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Legal Guides

I’m leaving on a jet plane, but who’s paying?

In amongst the costs associated with owning, leasing or chartering corporate jets are two issues that are often overlooked. This can be because those involved with the owning, leasing or chartering don’t realise there could be problems, or that the amounts involved are, relatively speaking, small. However, if ignored, they are likely to cause income tax (and social security) problems for both employer and employee alike.

The issues in question are private usage of a jet and accounting for payroll taxes in respect of the crew’s salary costs.

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Non-Citizen Trusts: Status of FAA Review, Observations and Practical Considerations

The US Federal Aviation Authority has made it clear to the aviation industry that it has serious concerns regarding the use non-citizen trusts (NCTs) and it is considering whether changes might be necessary. Edward Gross and Clay Thomas look at the current status of NCTs, why they are used and what might result from this recent FAA scrutiny.

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UK starts charging VAT on business jets

On 1 January 2011 the UK’s VAT rules in relation to the supply of aircraft, aircraft engines and parts changed substantially.  This followed a ruling by the European Commission that the UK’s previous rules did not correctly implement the provisions of the EU VAT Directive (Council Directive EC 2006/112).

The UK rules previously provided that any supply of an aircraft with a take-off weight exceeding 8,000 kg and which was neither designed nor adapted for recreation and pleasure should be zero-rated (and the rule applied also to engines and parts for such an aircraft).  However, the zero-rated treatment provided for in the EU VAT Directive is tested by reference to the airline rather than the aircraft, applying to supplies of aircraft and parts that are “used by airlines operating for reward chiefly on international routes”.  This test has now been implemented in the UK by section 21 of the Finance (No.3) Act 2010.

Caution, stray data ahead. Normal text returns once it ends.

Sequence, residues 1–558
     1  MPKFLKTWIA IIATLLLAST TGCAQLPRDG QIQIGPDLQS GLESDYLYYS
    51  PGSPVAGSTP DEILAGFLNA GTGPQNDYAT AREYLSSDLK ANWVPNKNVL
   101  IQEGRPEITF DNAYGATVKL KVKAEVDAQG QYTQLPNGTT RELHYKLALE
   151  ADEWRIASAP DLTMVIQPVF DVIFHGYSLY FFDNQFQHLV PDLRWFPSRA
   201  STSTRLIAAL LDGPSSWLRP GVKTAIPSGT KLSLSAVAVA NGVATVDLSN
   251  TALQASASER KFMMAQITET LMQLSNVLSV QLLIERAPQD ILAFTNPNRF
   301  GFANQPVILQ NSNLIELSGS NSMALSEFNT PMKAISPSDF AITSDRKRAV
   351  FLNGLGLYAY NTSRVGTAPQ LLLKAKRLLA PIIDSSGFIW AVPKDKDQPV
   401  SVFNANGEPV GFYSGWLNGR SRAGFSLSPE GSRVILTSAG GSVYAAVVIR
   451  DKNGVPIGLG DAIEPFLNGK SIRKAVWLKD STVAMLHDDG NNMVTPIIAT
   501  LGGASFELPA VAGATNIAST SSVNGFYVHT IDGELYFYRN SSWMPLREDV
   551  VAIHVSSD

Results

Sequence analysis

Clyde & Co’s Mark Bisset and Phil Norton outline the main issues for owners of business jets.

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Corporate jets versus commercial aircraft: The key differences for financiers

Financing corporate jets involves different risks to commercial aircraft deals. Graeme McLellan and Paul Ng, partners with Stephenson Harwood, talk about the differences between commercial and corporate aircraft, and the challenges financiers might face when financing corporate jets.

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Cayman Islands CAA reduces mortgage registration fees

The Civil Aviation Authority of the Cayman Islands and the Cayman Islands Government have agreed to a significant reduction in the fees payable to register a mortgage over a Cayman Islands registered aircraft. Joannah Bodden Small, Mark Western and Shari McField-Bell  of Maples and Calder, explain the changes in detail.  

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Lease Accounting Changes: Impact on Asset Finance Deals and Documents

In August, the IASB and the FASB issued joint proposals which, if adopted, will overhaul lease accounting for all companies which report under IFRS or US GAAP. Nearly all leases will be caught by the proposed rules writes Marisa Chan, William Glaister and Simon Lew of Clifford Chance.

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New Court guidance on English law aircraft mortgages

Mortgages on business jets are commonly documented under English or New York law. A recent case, Blue Sky One Limited and Others -v- Mahan Air and Another provides helpful judicial guidance that anyone involved with deals should be aware of, says Paul Jebely, head of aviation, Asia & MEA, at Ashurst in Hong Kong.

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Attacking the hot US aircraft market

The US market offers unprecedented opportunities for foreign corporate jet buyers says Rex Reese, an attorney-at-law. But before rushing in they should take steps to keep their money safe by using escrow agents, checking liens and getting good local advice.

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What is public transport?

Aoife O’Sullivan, a partner at Gates and Partners, examines the issues arising from the UK Civil Aviation Authority (CAA) document CAP 789 “Requirements and Guidance Material for Operators” which has unintended consequences for managers of aircraft flying in the UK.

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The Chinese business jet market

Everyone knows that China could be the world’s most important business jet market but regulations and import taxes make it a difficult jurisdiction for business and general aviation aircraft. Mark Bisset, a partner at law firm Clyde & Co, is optimistic that the use of business jets in China will grow quickly.

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